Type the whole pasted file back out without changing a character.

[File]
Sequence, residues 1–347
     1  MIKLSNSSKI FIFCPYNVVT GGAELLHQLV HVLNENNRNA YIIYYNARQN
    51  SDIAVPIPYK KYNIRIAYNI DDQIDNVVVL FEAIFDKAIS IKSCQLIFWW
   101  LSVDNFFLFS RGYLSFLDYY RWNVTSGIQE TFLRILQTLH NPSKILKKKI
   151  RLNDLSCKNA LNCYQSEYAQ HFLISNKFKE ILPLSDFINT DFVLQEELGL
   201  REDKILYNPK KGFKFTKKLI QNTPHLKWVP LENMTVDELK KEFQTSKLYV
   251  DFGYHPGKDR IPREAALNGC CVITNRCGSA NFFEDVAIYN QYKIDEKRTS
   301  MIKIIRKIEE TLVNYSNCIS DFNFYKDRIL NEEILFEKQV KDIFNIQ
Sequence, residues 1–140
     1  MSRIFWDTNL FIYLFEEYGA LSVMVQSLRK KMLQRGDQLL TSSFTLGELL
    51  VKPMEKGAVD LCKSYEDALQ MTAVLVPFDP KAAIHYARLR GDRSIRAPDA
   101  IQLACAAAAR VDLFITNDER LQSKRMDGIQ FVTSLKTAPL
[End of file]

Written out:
Sequence, residues 1–347
     1  MIKLSNSSKI FIFCPYNVVT GGAELLHQLV HVLNENNRNA YIIYYNARQN
    51  SDIAVPIPYK KYNIRIAYNI DDQIDNVVVL FEAIFDKAIS IKSCQLIFWW
   101  LSVDNFFLFS RGYLSFLDYY RWNVTSGIQE TFLRILQTLH NPSKILKKKI
   151  RLNDLSCKNA LNCYQSEYAQ HFLISNKFKE ILPLSDFINT DFVLQEELGL
   201  REDKILYNPK KGFKFTKKLI QNTPHLKWVP LENMTVDELK KEFQTSKLYV
   251  DFGYHPGKDR IPREAALNGC CVITNRCGSA NFFEDVAIYN QYKIDEKRTS
   301  MIKIIRKIEE TLVNYSNCIS DFNFYKDRIL NEEILFEKQV KDIFNIQ
Sequence, residues 1–140
     1  MSRIFWDTNL FIYLFEEYGA LSVMVQSLRK KMLQRGDQLL TSSFTLGELL
    51  VKPMEKGAVD LCKSYEDALQ MTAVLVPFDP KAAIHYARLR GDRSIRAPDA
   101  IQLACAAAAR VDLFITNDER LQSKRMDGIQ FVTSLKTAPL